The Supreme Court on Tuesday decided to adjudicate itself the pleas of Rajiv Gandhi's killers against their death penalty.
A bench headed by Justice G S Singhvi directed that their petitions, pending with the Madras high court, be sent to it and listed the case for hearing on July 10.
The court passed the order on a petition by L K Venkat seeking transfer of their pleas out of Tamil Nadu as he feared that free and fair hearings would not be possible in the state due to the surcharged atmosphere there favouring the death row convicts.
The Tamil Nadu government had earlier opposed the plea to shift the case out of the Madras high court, denying allegations that the atmosphere in the state was too "vitiated and surcharged" to hold a free and fair hearing in the case.
Senior counsel Ram Jethmalani, appearing for the three death row convicts -- Santhan, Murugan and Perarivalan alias Arivu -- had opposed the transfer plea on the ground that Article 139A (related to transfer of certain cases) gives power only to the Attorney General of India or the aggrieved parties to file a petition for transfer.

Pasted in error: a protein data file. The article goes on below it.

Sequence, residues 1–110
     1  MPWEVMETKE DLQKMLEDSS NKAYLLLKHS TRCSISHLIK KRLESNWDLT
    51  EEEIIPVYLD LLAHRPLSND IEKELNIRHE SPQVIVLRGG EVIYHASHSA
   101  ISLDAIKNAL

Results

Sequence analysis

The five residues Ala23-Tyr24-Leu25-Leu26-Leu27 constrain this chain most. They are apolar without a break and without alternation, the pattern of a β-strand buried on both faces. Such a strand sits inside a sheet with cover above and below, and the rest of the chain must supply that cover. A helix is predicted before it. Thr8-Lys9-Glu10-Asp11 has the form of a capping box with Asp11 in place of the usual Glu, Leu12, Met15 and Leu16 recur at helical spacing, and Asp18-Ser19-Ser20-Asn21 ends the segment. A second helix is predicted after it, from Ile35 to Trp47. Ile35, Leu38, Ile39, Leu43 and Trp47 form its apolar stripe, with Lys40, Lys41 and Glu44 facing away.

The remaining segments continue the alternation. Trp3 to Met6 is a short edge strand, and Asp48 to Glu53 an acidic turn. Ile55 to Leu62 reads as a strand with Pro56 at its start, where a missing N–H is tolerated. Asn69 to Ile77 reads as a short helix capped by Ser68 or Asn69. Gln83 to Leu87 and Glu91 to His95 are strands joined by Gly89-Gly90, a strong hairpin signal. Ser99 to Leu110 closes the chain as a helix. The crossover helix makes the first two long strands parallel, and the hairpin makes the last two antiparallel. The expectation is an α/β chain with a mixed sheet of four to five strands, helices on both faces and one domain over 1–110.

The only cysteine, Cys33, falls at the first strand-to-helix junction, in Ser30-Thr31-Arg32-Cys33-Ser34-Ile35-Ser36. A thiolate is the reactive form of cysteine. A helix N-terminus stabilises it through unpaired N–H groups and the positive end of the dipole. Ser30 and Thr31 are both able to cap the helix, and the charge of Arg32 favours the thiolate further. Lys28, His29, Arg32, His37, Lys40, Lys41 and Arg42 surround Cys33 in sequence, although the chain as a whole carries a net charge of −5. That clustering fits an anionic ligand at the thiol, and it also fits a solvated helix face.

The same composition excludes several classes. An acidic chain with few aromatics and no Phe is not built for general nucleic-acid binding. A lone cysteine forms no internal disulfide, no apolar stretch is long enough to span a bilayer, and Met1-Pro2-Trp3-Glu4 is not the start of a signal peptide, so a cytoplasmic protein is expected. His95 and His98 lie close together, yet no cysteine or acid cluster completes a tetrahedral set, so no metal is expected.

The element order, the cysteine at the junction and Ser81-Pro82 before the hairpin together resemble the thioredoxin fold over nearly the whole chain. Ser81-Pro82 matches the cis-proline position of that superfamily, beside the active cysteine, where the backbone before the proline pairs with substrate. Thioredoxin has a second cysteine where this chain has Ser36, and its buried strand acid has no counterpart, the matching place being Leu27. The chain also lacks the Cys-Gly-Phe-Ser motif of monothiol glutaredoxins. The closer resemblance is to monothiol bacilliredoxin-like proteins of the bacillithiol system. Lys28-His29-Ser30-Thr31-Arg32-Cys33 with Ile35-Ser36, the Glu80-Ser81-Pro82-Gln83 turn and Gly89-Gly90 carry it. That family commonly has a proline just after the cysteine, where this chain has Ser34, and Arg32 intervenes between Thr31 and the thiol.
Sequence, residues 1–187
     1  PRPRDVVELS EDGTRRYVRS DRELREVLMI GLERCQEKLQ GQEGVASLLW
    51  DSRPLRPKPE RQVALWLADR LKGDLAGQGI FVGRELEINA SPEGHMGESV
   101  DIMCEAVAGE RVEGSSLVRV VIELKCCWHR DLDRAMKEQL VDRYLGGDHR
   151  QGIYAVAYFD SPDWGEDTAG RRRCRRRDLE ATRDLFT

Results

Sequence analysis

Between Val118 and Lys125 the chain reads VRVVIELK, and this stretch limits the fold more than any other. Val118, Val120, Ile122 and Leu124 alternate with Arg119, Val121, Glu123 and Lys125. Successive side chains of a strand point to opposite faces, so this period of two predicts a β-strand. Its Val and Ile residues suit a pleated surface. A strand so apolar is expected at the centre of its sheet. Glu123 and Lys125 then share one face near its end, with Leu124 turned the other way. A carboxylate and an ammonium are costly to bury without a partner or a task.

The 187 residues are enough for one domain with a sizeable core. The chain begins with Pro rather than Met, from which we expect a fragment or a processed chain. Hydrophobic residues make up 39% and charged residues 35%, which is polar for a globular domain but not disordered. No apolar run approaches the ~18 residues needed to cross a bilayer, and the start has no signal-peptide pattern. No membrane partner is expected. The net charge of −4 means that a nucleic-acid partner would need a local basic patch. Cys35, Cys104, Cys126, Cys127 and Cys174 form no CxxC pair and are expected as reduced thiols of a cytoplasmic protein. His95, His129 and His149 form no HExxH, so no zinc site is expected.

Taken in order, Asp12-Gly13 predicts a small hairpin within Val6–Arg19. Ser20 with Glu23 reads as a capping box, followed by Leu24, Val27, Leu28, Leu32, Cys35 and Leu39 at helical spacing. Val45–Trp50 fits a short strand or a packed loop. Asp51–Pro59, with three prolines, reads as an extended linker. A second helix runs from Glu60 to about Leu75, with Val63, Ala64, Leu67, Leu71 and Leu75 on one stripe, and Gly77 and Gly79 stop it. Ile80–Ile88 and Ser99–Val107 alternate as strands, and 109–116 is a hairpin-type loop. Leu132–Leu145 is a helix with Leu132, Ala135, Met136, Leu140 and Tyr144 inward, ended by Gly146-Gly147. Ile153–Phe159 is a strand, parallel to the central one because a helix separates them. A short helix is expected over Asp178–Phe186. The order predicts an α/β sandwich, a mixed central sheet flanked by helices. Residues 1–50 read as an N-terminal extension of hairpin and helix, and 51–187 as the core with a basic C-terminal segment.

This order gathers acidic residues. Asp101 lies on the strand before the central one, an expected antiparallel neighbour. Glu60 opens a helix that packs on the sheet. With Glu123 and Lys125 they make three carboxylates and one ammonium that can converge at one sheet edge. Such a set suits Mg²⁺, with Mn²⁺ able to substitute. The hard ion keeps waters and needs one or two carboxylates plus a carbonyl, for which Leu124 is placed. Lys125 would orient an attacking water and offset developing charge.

Venkat's counsel had submitted that free and fair hearing of the proceedings cannot be held in the Madras high court owing to the "surcharged, hostile and vitiated" atmosphere prevailing there.
Acting on a petition by the three death row convicts, the Madras high court had earlier stayed their hanging and had issued notices to the Centre and the Tamil Nadu government.
The three convicts had challenged the sentence before the high court. The apex court had earlier upheld the sentence and the President had rejected their mercy pleas subsequently.